Louisiana 2011 Legislative Analysis – Senate District 2

Incumbent – Cynthia Willard-Lewis (D – Term limited in 2023)

District Map



Senate District 2


Voting History


2008 President

  Current District New District
John McCain (R) 24169 (7%) 33136 (36%)
Barack Obama (D) 1933 (92%) 19327 (62%)
Others 142 (1%) 670 (1%)


2008 Senate

  Current District New District
Mary Landrieu (D) 23754 (94%) 35921 (72%)
John Kennedy (R) 1307 (5%) 13516 (27%)
Others 236 (1%) 776 (2%)


2010 Senate

  Current District New District
David Vitter (R) 1127 (7%) 11047 (33%)
Charlie Melancon (D) 14908 (89%) 20804 (62%)
Others 728 (4%) 1495 (4%)


2010 Lt Governor

  Current District New District
Jay Dardenne (R) 15439 (8%) 12371 (37%)
Caroline Fayard (D) 1270 (92%) 20702 (63%)

Current District

New Orleans East is a section of New Orleans east of the Industrial Canal that is a mixture of middle class subdivisions, industry, and miles of swampland. Senate District 2 included most of this area, as well as an area near the junction of the Industrial Canal and the Mississippi River known as the “Lower 9th Ward.”

Demographically, the district had a solid (87%) African-American majority, up from 84% of the vote a few years ago. In fact, this state Senate district was one of the few parts of New Orleans to have had a steadily increasing black voting population. It would be a mistake, however, to consider this as an inner-city district, because the district was made up both of lower-income neighborhoods in the Lower 9th Ward and middle to upper middle income neighborhoods along I-10 going out towards Slidell. And in a few scattered New Orleans East precincts (particularly east of Paris Road/I-510), there were still a significant number of white (and lately Vietnamese) voters.

Despite the variety in income levels in the district, the district had a near unanimous preference for Democrats, although it’s worth noting that in the 2003 Governor’s race, Bobby Jindal received an endorsement from former mayor Ray Nagin – an endorsement that got him 21% of the vote in the district. Without Nagin’s support in his 2007 race, Bobby’s district support receded somewhat to 18%.

Senate District 2 elected its first black senator, Jon Johnson, in a 1985 special election. He was re-elected without opposition in 1987 and 1991. In his 1995 and 1999 races, he had strong competition and was held to 54% of the vote each time. He was defeated by Ann Duplessis in the 2003 runoff 53-47%. Johnson sought a rematch in 2007, and held former senator Duplessis to 52%. While Duplessis lost ground in the lower 9th Ward compared to 2003, she clinched her re-election by improving on her 2003 performance in precincts east of Paris Road. She resigned last year to take a “deputy mayor” position with Mitch Landrieu, who was elected Mayor of New Orleans last February. In a special election held last October to fill the vacated seat, Cynthia Willard Lewis clinched victory in the primary with an impressive 63% of the vote.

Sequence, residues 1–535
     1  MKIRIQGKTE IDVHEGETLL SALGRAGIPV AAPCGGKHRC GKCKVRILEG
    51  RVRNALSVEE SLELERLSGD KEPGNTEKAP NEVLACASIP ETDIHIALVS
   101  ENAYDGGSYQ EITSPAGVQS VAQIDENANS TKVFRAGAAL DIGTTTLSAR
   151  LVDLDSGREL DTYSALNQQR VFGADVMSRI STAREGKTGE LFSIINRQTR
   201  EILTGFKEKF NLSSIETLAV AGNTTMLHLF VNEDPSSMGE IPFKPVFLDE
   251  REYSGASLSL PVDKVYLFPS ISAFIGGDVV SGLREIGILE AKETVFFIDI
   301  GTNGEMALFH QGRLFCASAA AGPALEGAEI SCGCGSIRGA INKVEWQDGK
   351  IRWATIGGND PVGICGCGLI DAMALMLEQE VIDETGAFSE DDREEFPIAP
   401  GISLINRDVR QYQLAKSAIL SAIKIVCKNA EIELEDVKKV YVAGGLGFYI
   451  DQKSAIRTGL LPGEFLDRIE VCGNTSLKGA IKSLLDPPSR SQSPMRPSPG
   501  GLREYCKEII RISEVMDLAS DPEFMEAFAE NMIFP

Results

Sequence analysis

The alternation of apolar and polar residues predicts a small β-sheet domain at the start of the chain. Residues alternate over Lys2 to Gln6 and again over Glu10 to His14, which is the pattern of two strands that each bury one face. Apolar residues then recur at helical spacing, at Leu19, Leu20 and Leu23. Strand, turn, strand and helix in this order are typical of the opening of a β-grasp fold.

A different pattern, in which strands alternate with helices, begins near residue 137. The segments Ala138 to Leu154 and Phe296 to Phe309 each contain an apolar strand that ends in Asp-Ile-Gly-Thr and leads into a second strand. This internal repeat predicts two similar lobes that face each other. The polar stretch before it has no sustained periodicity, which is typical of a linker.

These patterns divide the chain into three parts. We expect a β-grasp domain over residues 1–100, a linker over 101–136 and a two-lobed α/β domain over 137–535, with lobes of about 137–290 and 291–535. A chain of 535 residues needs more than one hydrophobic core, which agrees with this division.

Proposed District

One of the epicenters of the destruction Hurricane Katrina (and, to a lesser extent, Rita) unleashed on New Orleans was in the precincts of District 2. Accordingly, there were huge population losses in the district, which was 43% under populated relative to the population of an “ideal” Senate district. This was the one Senate district which was eliminated in redistricting, with portions of the district’s being absorbed by the districts of J.P Morrell and Ed Murray. Senator Willard-Lewis’ residence was placed in the district of J.P. Morrell.

The recreated district has been relocated to the River Parishes and includes parts of 8 parishes. With a 56% black voter registration, the district was designed to elect a black senator and was created from portions of four existing senate districts. The new district starts in the black neighborhoods of Port Allen and travels down the Mississippi River to include portions of Iberville Parish between LA 1 and Saint Gabriel. This portion was taken from the district of Rob Marionneaux/Senate District 17. District 18 (held by Jody Amedee) lost many of its Democratic precincts in Ascension (Donaldsonville and parts of Gonzales west of LA 44), St James and St John. Senate District 19 (held by Joel Chaisson) lost some of its precincts in St John, St Charles, and Thibodaux in Lafourche Parish. Finally, black precincts in Thibodaux and Assumption Parish were removed from the district of “Butch” Gautreaux.

Overall, it is almost guaranteed that a Democrat will be elected in this new district, since Jay Dardenne’s 37% of the vote in the 2010 Lieutenant Governor’s race was on the high end for a Republican candidate. The real question with this district is the patterns of support, since both the overall and black populations are dispersed across multiple parishes.